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Outside the Door

         —After Bonnard's Dining Room in the Country

I am in Pierre Bonnard's dining room
in Vernonnet, and I don't want to leave.
It is commonplace and radiant.
The door fully open, both sides
of a casement window as well, light enters
like a neighbor, no need to knock, enlivening
the orange-red of the walls.
For an hour now I've been between worlds,
trying to figure why the blossoms outside
on a plum tree become the curtain's
pattern inside, or the curtain's pattern
the purple of the blossoms.
Even the door's threshold dissolves
into the colors of plum blossoms and curtains—
a step both into the outside
and into the colors of a girl's dress.

She is outside, though in the perspective
of the painting, she could be miles away.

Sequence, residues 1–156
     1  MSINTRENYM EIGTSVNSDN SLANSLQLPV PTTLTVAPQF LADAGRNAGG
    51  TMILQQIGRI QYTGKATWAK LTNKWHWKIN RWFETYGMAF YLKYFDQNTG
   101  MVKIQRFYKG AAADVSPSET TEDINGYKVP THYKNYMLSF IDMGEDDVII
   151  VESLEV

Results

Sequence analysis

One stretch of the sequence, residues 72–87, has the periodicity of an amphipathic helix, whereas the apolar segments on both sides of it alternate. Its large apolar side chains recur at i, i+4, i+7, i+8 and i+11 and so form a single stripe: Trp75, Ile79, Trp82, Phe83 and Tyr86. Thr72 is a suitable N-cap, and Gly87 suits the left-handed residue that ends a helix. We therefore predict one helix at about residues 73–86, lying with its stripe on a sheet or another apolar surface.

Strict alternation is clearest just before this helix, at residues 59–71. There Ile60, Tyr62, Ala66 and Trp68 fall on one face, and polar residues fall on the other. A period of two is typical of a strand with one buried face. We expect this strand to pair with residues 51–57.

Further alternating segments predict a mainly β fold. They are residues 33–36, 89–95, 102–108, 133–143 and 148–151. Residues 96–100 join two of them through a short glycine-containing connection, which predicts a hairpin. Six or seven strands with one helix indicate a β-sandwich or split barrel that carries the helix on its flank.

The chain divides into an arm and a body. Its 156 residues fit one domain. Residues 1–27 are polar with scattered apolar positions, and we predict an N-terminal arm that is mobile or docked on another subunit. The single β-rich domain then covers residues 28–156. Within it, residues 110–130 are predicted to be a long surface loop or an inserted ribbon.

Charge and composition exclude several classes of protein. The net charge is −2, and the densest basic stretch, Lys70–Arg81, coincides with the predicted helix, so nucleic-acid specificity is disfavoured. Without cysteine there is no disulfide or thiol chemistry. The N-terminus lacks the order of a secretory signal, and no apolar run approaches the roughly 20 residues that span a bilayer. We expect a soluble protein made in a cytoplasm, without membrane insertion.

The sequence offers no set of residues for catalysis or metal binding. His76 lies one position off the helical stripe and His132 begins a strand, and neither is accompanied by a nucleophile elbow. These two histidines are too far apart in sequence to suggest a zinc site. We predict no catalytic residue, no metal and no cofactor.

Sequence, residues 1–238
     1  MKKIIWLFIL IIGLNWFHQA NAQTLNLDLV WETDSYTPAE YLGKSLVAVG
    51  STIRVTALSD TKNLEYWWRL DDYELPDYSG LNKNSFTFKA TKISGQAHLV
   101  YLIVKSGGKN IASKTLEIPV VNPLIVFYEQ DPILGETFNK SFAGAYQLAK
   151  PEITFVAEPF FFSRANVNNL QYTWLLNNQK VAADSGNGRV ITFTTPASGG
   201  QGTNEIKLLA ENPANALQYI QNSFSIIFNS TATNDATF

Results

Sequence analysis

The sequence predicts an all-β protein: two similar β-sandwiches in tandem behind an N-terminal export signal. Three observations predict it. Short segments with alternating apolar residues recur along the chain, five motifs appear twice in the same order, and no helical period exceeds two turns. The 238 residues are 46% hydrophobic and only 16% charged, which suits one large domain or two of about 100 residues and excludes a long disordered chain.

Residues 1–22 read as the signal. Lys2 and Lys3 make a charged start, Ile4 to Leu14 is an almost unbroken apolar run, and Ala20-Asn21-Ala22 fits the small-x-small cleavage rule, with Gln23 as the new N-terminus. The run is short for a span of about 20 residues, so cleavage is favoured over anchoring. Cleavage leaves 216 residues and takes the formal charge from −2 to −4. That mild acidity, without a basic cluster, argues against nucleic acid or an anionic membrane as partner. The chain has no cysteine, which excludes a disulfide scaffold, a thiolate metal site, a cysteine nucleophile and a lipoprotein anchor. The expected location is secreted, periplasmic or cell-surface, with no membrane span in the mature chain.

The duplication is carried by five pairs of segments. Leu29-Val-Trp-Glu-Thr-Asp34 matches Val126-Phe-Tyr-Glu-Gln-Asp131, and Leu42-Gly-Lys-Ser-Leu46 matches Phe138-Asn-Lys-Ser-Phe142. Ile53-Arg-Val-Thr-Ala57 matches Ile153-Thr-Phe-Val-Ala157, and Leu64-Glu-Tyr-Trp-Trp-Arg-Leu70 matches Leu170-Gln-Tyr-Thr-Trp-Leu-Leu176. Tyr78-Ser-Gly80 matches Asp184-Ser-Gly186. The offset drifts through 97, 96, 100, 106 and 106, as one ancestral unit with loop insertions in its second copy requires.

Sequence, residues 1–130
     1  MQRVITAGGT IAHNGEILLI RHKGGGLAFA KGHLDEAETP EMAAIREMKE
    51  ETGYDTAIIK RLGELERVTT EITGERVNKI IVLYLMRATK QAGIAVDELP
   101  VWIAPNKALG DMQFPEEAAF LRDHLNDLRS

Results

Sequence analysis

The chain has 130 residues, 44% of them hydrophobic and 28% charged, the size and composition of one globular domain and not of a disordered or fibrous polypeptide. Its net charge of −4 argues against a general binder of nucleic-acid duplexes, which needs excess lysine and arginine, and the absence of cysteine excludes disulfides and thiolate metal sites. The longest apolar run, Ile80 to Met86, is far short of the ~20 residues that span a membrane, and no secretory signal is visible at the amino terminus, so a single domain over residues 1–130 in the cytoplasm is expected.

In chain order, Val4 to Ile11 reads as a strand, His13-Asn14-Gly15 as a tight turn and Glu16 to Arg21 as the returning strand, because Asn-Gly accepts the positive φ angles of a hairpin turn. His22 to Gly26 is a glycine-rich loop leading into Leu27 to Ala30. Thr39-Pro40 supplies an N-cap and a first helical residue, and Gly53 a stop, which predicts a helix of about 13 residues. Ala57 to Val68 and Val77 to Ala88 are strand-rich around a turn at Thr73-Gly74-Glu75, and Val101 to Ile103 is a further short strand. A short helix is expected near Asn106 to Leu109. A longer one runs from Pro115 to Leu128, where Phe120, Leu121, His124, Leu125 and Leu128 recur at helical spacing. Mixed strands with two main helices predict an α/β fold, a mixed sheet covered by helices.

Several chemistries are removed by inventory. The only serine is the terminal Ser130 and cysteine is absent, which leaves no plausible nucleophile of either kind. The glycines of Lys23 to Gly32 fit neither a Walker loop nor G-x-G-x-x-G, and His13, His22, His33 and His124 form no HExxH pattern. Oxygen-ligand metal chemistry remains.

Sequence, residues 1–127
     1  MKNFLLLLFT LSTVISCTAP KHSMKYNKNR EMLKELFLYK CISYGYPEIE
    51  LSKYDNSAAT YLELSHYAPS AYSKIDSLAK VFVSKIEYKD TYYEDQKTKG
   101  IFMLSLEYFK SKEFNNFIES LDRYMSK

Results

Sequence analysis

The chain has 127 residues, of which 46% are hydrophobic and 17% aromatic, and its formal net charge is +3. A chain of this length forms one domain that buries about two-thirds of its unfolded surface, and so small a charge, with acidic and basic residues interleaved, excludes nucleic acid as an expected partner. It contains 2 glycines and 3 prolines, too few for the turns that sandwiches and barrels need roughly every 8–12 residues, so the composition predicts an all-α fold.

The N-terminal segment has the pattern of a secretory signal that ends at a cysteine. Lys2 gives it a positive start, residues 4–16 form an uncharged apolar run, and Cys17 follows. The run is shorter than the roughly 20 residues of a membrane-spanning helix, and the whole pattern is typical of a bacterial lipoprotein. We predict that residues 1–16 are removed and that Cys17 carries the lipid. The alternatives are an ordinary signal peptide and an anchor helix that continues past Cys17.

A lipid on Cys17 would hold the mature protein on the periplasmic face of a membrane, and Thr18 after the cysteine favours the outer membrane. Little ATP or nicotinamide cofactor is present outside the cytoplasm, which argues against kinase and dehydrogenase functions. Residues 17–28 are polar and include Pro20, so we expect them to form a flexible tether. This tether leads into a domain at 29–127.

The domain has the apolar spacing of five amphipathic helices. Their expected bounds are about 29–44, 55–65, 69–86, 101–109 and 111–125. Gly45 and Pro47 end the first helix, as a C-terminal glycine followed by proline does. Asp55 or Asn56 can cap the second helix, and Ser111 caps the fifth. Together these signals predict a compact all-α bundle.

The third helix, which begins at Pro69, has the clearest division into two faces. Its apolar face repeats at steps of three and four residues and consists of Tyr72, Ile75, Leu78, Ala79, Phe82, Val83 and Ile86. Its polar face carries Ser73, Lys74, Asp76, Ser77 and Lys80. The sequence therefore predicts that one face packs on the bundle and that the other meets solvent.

Still, the opalescence of the opened door,
of the tablecloth and the cups and saucers
on the table, and even of a cat perched on a chair,
slide into one another, all leading to the girl,
barely visible, at the edge of a flowerbed
under a lustrous sky moving
toward sunset. Or is it sunrise?
And more—for no reason I can explain,
the girl, who truly is ghost-like, there and not there
depending on my angle of vision,
becomes my mother in an old photograph
I have of her as a girl. My mother,
dead now nearly two years, who has not
revisited me even in dream, is now
right outside the dining room where I am.

The girl seems exactly where she should be,
exactly where she needs to be,
even if Bonnard keeps me from knowing
where exactly that is. If I could speak to her,
she would answer in my mother's voice,
but she's sitting inside a magic circle
that no one, not even I, can enter,
even if some ongoing correspondence
seems to be taking place between
the pinkish-red dabs of color that compose
her face and the pinkish-blue color
of the flowers and the sky, and the purples
of the curtains that extend to
my mother's bluish-purple dress
and tip the blue-green mountains beyond her—
as if all these colors, so sensuous, so alive,
form a kind of unity, something like being
with my mother, but more shadowy,
a kind of peace from which I cannot get free.

Robert Cording

The Georgia Review

Summer 2017

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